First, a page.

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Discussion Starter · #1 ·
I recently acquired a long rifle that I am hoping to learn more about, and I would be very grateful for the insights, observations and opinions of the forum.

I have not had a chance to completely disassemble the rifle, so I cannot tell if there are any markings under the woodline on the barrel or back of the lockplate.

The rifle appears to be a .50" caliber, with strong defined rifling still present. The barrel is marked "PHILADA" only.

What is interesting to me is that the lock and trigger seem to have been modified at some point, with a flash-guard added around the bolster, and the triggerguard seems to have been elongated with signs of having been brazed.

The rear trigger must be set before the hammer will lock back. Once it's locked, the front trigger releases the hammer, and let me say that it is a REALLY light trigger... truly one of the few times I do not feel that the term "hair trigger" constitutes undue hyperbole. She's a bit too light, IMHO.

The patch-box lid is marked "TRYON", which I believe refers to a parts supplier that furnished various firearms parts to gun-makers in the mid-late 1800s. Note the unusual device for locking the patch box; one must push the button on the toe to release the patch-box lid. Looks like it was done by an individual.

As you can see, the forearm could use some repairs along the wood line.

I would be glad for any insight into possible makers, or at least the likely era it was made.

 

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Discussion Starter · #3 ·
Decided to take a look at the internals. The barrel is marked READING PA, and the triggerguard is also marked TRYON.

Note the double-trigger assembly.

 

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Tryon was a Philadelphia firm that operated into the 1840s. Builder - Flayderman documents a George W. Tryon Flintlock Pistol made c.1815-1830, described as a typical officer's or militia private purchase type. Contracted with the Republic of Texas in 1839 for Model 1816-style Flintlock Muskets, but didn't deliver part of them (1500 gun order, 860 paid for, remainder returned to company). The 640 not paid for were sold to the US in 1846, apparently shipped from Frankford to Galveston, and PROBABLY issued to Texas -recruited Volunteers in US service.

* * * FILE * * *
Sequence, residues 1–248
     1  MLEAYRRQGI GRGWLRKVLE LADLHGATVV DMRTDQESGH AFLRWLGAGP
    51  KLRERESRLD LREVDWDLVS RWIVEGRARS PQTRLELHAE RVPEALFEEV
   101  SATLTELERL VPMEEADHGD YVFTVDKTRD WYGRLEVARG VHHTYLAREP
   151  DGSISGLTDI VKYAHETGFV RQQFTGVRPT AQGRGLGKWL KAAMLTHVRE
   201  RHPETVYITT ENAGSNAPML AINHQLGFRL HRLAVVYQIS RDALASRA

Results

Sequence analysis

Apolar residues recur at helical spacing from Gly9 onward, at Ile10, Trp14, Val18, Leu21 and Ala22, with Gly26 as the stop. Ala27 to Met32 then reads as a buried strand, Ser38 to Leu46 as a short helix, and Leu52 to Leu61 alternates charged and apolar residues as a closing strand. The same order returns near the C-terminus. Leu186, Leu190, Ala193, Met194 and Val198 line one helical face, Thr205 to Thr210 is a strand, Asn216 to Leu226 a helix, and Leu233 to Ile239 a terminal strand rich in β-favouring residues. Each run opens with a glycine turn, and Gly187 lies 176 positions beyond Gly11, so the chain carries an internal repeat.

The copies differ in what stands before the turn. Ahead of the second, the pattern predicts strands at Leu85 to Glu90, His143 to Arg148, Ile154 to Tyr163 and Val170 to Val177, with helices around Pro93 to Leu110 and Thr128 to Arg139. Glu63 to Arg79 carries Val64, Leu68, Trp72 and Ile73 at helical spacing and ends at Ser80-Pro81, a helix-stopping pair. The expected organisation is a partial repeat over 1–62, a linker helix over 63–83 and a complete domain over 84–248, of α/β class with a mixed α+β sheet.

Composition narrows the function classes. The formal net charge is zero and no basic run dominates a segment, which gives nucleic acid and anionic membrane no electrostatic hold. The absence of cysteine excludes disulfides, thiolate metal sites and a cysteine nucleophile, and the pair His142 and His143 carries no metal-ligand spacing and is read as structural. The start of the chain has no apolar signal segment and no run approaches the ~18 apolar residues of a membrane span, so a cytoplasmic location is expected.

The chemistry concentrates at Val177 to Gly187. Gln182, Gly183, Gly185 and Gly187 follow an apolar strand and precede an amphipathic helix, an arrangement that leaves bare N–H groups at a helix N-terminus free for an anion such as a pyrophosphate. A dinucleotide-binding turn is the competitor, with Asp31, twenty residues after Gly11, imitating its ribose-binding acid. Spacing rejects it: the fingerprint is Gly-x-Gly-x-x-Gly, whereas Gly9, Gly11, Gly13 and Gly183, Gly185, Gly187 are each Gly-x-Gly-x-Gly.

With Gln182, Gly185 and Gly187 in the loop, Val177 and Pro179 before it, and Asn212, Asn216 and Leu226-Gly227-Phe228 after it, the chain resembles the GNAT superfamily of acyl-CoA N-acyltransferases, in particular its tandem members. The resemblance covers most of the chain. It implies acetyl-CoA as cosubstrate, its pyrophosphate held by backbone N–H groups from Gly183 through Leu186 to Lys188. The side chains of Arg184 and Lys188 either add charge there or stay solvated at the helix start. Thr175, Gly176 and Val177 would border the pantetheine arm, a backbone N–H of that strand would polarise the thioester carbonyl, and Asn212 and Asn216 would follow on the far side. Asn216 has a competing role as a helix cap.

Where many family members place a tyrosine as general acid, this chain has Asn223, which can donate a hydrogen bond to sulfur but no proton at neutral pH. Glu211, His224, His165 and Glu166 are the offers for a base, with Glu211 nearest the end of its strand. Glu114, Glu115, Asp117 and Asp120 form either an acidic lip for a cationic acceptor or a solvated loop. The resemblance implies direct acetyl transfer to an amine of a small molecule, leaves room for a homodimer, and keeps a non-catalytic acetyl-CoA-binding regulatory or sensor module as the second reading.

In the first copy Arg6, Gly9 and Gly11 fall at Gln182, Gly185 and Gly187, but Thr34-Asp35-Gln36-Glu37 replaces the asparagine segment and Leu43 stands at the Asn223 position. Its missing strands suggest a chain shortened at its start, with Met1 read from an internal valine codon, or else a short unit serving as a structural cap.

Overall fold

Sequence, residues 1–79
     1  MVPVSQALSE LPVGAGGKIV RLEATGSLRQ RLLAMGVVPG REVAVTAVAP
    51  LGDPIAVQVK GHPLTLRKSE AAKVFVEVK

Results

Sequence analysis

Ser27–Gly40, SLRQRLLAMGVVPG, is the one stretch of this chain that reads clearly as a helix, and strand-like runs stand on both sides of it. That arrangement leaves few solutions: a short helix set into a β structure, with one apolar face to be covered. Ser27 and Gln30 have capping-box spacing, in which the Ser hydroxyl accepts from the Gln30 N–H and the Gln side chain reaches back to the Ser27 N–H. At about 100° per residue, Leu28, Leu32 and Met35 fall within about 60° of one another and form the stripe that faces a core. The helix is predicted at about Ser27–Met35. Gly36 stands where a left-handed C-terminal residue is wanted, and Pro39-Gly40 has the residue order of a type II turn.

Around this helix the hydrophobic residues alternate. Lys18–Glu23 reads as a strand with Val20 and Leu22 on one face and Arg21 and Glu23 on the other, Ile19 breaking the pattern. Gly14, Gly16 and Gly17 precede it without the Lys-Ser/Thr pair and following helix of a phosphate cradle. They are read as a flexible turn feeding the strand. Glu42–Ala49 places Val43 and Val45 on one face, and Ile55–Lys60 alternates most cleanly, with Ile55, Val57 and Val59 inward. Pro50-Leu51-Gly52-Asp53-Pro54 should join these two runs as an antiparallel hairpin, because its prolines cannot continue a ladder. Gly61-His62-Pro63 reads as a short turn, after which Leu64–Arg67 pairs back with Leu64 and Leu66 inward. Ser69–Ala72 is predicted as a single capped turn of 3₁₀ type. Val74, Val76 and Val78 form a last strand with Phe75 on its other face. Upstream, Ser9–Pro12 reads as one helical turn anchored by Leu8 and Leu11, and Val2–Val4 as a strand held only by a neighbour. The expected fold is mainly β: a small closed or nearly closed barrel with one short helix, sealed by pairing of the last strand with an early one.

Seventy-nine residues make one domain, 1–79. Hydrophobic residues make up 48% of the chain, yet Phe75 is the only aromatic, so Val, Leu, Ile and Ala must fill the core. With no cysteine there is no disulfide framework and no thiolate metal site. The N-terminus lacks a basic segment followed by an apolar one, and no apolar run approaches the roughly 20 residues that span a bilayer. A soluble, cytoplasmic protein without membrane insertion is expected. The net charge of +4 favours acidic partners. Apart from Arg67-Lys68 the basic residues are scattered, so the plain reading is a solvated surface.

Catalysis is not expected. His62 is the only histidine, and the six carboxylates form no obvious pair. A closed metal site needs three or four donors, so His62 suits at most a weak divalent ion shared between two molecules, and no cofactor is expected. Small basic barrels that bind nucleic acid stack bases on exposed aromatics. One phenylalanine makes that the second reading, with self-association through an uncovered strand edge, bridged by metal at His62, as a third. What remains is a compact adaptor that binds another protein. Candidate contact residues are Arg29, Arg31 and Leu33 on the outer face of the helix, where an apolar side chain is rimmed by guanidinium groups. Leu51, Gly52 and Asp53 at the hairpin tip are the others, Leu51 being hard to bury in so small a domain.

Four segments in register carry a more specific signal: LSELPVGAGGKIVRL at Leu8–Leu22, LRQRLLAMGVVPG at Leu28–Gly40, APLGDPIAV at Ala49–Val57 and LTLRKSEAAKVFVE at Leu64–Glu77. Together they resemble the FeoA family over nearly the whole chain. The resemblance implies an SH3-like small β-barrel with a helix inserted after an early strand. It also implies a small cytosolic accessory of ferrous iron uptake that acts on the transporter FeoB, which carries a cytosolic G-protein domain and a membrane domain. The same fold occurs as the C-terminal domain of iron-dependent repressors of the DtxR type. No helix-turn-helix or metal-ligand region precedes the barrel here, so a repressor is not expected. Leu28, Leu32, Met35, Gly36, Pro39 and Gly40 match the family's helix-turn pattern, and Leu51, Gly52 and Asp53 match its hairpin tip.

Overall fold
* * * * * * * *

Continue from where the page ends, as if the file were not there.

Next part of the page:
No other known Tryon contracts for government arms, but the company did produce commercial arms, and parts.
 

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As Clyde has pointed out, Tryon was a big Philadelphia arms supplier. Most of their guns were inexpensive and aimed at the westward emigrant market. The rifle itself isn't a reproduction but its had a lot of "fixing-up", much of which is heavy handed. It rather looks like a badly beaten up rifle fixed up for shooting in the 60s or 70s. I think that the double set triggers are new. There is a good deal of rough brazing repair and its clear the stock has been sanded. Forty years ago, rough, plain rifles like this were very cheap, probably cheaper than the reproduction parts that were coming on the market at the time... occasionally they still can be. I even remember an article in Gun Digest around the late 60s on "making a muzzle loader" where the author purposely started with a plain original rifle to which he added a scope and a patchbox and glass bedded the barrel. This was all quite acceptable and I think this is probably an example of that sort of work, albeit not as well done. The big patches in the stock and splintering along the forend suggest an original in very rough condition. Given the overall rough condition of the gun, the barrel may have been refreshed because our forefathers were usually not all that conscientious about cleaning them.

Does the lock have a half-cock notch? Often locks intended for use with set triggers don't... but certainly not always. I think you could say if there in only one notch it should have double set triggers... but not the other way around as all of these locks were imported and the maker had to use what they could buy.

The patch box release if fairly normal and is commonly seen on NE rifles. It isn't the most common type but is certainly not rare. I think I have 2 or 3 like that. I am pretty sure they have never been copied on a common reproduction, another indication of its real age.

I don't have Tryon's dates of business at hand but suspect the basic rifle dates between the middle 1830s and the beginning of the CW. It was a plain, workmanlike rifle that saw hard service and has been brought back with a bit too much enthusiasm. I confess to having done sort of thing this myself. One of my "shooters" is a NE percussion halfstock (probably ca. 1825-30... cost $75) with bits replaced along the forend and in front of the lock and new barrel key escutcheons to cover deep gouges in the sides. The barrel was so loose in the forend that I glass bedded it.
 

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Discussion Starter · #6 ·
The lock seems to have only one cocking notch, although I wish it did have a half-cock notch. Joe, I think you may be right about the trigger group being new (meaning, probably replaced sometime since the 1950's).

The pillow-ticking inlay in the forearm was done, I suppose, to reinforce some cracks along the edge, as it seems fairly stiff as though it were applied with lacquer or some sort of hardening solution.

I will need to invest in a cleaning rod that is long enough to reach to the bottom of the barrel, and my intent is to flush and scrub the barrel a bit in the hope of firing this old girl. I will need a replacement rear sight, which I assume would be a fairly simple V-notch blade, right?